An unsteady economy continues to yield savvy grocery shoppers motivated by cost; however, for the first time, the share of shoppers opting to buy less meat to cut costs equals the share of shoppers using lists, coupons, and other saving measures. That’s according to “The 2012 Power of Meat Report,” the seventh in an annual report series exploring consumer perceptions, attitudes, and behaviors around fresh meat and poultry. The study was conducted by 201 Analytics and commissioned jointly by the American Meat Institute (AMI) and the Food Marketing Institute (FMI), with sponsorship by Sealed Air’s Cryovac Food Packaging Div.
According to the report, cost continues to be the largest factor on consumers’ minds, with savings just as important to shoppers now as it was at the onset of the recession. Since 2008, shoppers have developed and maintained a number of post-recession shopping behaviors to control their food expenses at retail outlets. Among them are methods such as pre-shopping planning and reducing the frequency of shopping trips.
Another cost-saving measure growing in popularity is the purchase of private-label fresh meat, with 64% of respondents reporting that they frequently purchase private-label fresh meats. However, the report indicates that one previously popular money-saving strategy that has declined since 2010 is buying fresh meat in bulk/family packages, from 60% in 2010 to 52% in 2012.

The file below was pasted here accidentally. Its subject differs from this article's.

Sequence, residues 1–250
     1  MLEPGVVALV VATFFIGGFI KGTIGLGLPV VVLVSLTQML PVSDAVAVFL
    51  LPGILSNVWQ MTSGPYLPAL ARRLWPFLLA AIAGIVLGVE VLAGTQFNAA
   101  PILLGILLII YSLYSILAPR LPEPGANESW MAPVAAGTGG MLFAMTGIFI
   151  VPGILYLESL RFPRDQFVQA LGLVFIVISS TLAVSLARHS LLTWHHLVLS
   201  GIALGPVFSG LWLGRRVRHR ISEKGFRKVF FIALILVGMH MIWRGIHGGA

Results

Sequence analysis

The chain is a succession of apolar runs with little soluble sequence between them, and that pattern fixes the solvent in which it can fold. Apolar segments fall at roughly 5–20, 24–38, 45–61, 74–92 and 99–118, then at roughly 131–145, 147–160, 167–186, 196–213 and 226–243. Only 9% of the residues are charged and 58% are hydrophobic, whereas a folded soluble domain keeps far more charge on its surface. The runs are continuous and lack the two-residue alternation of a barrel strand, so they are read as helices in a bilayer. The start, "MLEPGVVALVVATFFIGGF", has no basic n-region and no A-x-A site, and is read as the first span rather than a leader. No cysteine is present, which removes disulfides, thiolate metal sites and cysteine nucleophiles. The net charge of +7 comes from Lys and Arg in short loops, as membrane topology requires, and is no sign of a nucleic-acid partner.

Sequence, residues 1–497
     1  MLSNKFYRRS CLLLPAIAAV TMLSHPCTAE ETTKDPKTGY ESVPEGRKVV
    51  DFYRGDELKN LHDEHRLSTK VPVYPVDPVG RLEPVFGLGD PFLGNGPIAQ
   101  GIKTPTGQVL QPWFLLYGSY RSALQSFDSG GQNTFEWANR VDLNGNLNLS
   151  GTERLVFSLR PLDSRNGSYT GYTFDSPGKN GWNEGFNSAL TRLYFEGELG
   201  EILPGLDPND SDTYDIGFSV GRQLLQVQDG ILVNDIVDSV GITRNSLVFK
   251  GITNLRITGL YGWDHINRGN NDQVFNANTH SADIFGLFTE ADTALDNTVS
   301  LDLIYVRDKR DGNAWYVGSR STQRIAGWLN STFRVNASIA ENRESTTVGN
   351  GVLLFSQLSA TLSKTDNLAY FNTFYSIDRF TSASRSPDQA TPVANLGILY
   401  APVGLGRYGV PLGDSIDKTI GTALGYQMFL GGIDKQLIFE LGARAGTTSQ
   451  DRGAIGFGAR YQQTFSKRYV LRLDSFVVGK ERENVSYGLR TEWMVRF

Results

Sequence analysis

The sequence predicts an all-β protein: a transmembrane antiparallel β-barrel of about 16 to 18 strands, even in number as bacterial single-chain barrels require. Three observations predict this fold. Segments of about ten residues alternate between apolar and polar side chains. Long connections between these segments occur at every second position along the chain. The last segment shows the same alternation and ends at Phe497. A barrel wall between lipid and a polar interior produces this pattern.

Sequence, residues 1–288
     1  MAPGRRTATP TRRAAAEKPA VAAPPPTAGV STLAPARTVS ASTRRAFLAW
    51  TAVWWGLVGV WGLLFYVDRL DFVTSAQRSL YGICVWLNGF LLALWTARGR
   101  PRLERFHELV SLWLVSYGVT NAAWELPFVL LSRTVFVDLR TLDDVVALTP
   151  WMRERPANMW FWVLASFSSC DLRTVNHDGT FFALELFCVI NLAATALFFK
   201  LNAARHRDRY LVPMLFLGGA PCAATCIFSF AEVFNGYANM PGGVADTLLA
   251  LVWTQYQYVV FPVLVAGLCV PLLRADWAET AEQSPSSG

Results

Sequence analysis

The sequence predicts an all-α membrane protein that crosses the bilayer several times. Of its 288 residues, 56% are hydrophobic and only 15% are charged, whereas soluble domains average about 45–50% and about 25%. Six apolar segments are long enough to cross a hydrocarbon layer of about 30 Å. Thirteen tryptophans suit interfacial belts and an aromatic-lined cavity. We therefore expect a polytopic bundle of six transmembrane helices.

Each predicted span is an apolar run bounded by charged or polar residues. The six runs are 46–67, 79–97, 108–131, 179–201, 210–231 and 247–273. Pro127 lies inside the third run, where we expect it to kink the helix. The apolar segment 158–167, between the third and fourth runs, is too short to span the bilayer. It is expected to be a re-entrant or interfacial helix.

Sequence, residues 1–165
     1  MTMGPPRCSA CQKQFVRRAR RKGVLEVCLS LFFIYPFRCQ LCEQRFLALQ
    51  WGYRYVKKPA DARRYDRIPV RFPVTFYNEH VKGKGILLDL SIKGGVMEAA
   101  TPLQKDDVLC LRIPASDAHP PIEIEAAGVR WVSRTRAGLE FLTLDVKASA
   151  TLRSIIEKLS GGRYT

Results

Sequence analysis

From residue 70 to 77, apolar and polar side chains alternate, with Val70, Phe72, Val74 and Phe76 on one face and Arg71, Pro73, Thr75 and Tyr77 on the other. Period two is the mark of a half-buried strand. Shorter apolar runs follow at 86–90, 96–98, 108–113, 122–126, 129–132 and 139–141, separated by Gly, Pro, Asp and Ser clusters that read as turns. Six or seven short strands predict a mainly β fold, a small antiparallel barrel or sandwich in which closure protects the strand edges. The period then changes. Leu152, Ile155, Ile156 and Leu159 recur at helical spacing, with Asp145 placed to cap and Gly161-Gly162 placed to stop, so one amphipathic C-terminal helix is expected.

Among the other significant findings of the report related to packaging and labeling are the following:
• Awareness of Country of Origin Labeling (COOL) rose to 39% in 2012 versus 33% in 2011, although this has little reported influence on purchasing decisions if the price of U.S. meat or poultry is higher.
• Twenty-eight percent of shoppers said they would purchase more meat and poultry if it was packaged using environmentally friendly materials, even if it costs a little more. Forty-nine percent said they would only purchase more if there was no price difference.
• Sixty-eight percent of consumers are aware that in some stores, meat is cut and packaged before arriving at the store.
• Seventy percent of shoppers believe that meat packaged in a case-ready format is as good as meat processed in the store.
• Fifty-one percent said they would redirect their purchases to leak-proof meat and poultry packaging versus 26% in the 2011 report.
The sample size for the survey was 1,340 individuals who were surveyed via an online questionnaire in November 2011. Respondents were evenly distributed throughout the U.S. and were selected through an online consumer database.